When the horror is lifted, reward value finds itself threatened by moments of dull dryness and repetitious dragging, as well as by some overt disturbances, bleakness and placement of style over substance, but ultimately secured by the captivating visual style, artistically and dramatically haunting directorial style, intriguing subject matter, subtle writing, and powerful acting - courtesy of Willem Dafoe and Charlotte Gainsbourg - that make Lars von Trier's "Antichrist" chilling, thought-provoking and altogether gripping as a triumph in dark artistic filmmaking and a worthy challenge in bleak dramatic storytelling.

    Cameron J Super Reviewer. Feb 25, Lars Von Trier is a unique filmmaker that has a style that I would describe as eccentric, haunting, yet somewhat beautiful.

    With Antichrist he crafts a film that is horrifying and unforgettable. The cast here is impeccable and Trier's choices are terrific. Willem Dafoe and actress Charlotte Gainsberg deliver great performances here, and the story itself takes its time to unfold, with steady pacing, which is key in telling an effective story.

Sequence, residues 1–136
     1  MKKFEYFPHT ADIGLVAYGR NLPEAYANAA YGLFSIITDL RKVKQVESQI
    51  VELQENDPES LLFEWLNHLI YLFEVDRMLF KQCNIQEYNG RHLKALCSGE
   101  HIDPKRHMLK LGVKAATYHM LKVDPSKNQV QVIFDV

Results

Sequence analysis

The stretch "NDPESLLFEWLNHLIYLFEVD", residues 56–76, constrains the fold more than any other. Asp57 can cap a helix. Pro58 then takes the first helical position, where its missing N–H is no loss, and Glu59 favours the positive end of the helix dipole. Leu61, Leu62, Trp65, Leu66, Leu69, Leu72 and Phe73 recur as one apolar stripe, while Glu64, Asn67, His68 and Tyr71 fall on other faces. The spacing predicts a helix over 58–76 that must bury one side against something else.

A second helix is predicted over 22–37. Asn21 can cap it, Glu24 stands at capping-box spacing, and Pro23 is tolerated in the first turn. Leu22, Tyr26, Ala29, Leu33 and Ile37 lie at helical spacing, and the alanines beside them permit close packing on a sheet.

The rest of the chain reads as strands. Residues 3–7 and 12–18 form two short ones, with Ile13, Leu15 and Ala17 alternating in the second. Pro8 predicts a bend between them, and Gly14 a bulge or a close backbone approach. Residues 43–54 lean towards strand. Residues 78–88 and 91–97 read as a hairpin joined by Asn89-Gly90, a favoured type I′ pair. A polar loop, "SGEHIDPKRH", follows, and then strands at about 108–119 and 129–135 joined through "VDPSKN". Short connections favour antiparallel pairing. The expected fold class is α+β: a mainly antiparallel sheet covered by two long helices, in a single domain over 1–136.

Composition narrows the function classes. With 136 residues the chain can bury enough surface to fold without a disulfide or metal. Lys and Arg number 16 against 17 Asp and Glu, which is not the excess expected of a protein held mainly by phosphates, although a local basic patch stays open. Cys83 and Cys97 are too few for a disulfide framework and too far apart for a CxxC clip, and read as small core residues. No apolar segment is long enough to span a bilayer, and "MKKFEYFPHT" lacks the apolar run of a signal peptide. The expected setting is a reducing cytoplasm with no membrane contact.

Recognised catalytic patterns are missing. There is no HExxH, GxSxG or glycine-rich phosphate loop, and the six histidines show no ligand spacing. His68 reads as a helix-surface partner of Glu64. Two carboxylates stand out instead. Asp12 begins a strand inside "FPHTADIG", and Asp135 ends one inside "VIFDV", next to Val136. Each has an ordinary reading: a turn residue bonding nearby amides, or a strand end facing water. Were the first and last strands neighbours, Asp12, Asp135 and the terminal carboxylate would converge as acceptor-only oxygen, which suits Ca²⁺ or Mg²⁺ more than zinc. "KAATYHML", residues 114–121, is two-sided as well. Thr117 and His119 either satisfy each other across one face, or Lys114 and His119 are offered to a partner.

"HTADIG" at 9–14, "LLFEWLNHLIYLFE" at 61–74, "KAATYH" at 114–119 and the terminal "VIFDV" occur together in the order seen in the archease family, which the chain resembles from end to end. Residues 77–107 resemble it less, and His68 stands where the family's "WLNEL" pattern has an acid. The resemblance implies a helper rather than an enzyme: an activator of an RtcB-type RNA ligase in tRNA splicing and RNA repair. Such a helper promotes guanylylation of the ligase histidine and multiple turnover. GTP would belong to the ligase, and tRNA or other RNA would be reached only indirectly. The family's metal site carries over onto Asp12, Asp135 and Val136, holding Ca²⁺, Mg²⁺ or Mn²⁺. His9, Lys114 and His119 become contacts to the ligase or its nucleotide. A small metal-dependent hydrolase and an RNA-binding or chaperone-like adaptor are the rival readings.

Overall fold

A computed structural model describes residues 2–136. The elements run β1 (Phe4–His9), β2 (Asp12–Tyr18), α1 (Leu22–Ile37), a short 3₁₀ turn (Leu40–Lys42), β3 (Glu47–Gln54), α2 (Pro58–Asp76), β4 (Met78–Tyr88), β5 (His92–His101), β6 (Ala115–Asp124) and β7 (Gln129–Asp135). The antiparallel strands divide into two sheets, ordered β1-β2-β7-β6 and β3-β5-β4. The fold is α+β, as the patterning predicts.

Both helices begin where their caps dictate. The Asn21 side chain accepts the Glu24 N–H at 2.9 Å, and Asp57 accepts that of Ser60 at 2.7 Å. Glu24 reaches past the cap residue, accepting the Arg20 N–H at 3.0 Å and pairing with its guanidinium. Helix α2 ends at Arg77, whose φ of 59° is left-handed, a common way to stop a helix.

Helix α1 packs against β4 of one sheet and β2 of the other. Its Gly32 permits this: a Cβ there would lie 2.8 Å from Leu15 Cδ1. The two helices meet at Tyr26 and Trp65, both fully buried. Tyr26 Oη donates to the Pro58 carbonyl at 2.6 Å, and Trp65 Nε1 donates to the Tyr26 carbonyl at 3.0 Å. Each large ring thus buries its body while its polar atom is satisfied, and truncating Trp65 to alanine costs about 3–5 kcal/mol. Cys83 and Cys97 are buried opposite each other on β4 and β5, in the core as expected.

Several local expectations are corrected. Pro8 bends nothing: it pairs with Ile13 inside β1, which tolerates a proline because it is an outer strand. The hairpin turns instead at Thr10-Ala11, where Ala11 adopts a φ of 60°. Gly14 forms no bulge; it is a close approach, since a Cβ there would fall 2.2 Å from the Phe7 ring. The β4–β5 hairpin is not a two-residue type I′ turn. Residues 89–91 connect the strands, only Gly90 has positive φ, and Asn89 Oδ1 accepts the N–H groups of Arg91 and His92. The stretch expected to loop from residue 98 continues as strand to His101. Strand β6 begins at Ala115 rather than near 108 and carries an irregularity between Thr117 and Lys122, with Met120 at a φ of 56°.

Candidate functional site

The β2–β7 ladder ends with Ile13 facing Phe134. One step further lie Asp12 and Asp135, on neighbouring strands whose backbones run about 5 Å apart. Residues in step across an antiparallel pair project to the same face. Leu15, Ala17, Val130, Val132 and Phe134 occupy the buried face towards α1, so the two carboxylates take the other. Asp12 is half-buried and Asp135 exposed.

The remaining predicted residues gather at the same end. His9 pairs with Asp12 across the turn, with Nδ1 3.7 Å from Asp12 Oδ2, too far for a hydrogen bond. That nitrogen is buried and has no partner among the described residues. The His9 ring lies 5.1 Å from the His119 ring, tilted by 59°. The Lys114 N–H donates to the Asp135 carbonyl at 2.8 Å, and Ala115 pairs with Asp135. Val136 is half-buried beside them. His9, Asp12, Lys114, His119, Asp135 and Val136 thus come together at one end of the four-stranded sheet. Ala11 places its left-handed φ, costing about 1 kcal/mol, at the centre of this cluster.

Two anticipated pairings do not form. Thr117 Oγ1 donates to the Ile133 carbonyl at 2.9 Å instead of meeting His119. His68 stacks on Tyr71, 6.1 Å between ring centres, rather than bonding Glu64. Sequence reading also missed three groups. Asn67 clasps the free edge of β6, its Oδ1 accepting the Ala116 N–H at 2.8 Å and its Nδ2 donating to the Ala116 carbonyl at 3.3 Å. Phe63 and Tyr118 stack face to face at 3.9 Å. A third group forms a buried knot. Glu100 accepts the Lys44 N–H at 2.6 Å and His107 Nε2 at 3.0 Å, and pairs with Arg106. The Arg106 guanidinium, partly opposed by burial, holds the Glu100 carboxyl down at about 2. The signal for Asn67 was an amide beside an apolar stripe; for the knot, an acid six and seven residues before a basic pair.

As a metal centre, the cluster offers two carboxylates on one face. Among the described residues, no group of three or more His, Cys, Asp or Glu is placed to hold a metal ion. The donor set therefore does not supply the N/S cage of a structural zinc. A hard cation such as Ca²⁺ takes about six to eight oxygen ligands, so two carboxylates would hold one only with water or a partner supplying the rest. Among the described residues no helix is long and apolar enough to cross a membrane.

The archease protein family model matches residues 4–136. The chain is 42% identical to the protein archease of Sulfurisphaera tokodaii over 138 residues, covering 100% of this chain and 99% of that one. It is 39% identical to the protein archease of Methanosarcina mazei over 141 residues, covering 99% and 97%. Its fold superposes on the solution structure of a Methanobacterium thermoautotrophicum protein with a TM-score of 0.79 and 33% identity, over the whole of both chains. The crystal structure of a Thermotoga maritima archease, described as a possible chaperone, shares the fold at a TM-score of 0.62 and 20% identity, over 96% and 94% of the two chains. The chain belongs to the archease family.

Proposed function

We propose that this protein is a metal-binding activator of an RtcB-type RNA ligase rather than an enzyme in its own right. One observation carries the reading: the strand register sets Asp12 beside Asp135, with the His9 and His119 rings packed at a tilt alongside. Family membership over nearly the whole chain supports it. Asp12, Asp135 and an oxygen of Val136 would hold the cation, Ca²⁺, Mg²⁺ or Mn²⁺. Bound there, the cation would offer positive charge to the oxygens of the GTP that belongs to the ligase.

Antichrist may not be a film for everyone, but those who enjoy Art films; well this is a film worth seeing. Antichrist is a tense, horror film with the art house flair, and Lars Von Trier delivers an unflinching.

    Raw in your face picture that has a powerful sense of visuals. Trier always seems to go for an unsettling way in telling a story, and he more than accomplishes that with this horror drama.

    Considering that Antichrist comprises of such a minimal cast of actors, I founds the film to be accomplished piece of cinema.